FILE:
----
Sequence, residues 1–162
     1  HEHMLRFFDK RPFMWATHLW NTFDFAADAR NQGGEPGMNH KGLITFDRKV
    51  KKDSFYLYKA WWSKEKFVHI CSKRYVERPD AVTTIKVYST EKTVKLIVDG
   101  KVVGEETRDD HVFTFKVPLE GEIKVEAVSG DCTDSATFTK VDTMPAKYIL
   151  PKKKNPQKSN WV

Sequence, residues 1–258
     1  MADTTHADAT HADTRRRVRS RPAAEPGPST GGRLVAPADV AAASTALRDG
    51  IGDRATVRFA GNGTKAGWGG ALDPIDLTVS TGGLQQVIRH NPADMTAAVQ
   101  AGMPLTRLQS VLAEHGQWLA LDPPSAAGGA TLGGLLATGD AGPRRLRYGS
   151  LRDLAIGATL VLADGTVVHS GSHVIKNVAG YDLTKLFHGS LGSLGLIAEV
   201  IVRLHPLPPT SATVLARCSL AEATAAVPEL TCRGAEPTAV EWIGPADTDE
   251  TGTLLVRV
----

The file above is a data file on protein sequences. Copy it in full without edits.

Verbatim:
Sequence, residues 1–162
     1  HEHMLRFFDK RPFMWATHLW NTFDFAADAR NQGGEPGMNH KGLITFDRKV
    51  KKDSFYLYKA WWSKEKFVHI CSKRYVERPD AVTTIKVYST EKTVKLIVDG
   101  KVVGEETRDD HVFTFKVPLE GEIKVEAVSG DCTDSATFTK VDTMPAKYIL
   151  PKKKNPQKSN WV

Sequence, residues 1–258
     1  MADTTHADAT HADTRRRVRS RPAAEPGPST GGRLVAPADV AAASTALRDG
    51  IGDRATVRFA GNGTKAGWGG ALDPIDLTVS TGGLQQVIRH NPADMTAAVQ
   101  AGMPLTRLQS VLAEHGQWLA LDPPSAAGGA TLGGLLATGD AGPRRLRYGS
   151  LRDLAIGATL VLADGTVVHS GSHVIKNVAG YDLTKLFHGS LGSLGLIAEV
   201  IVRLHPLPPT SATVLARCSL AEATAAVPEL TCRGAEPTAV EWIGPADTDE
   251  TGTLLVRV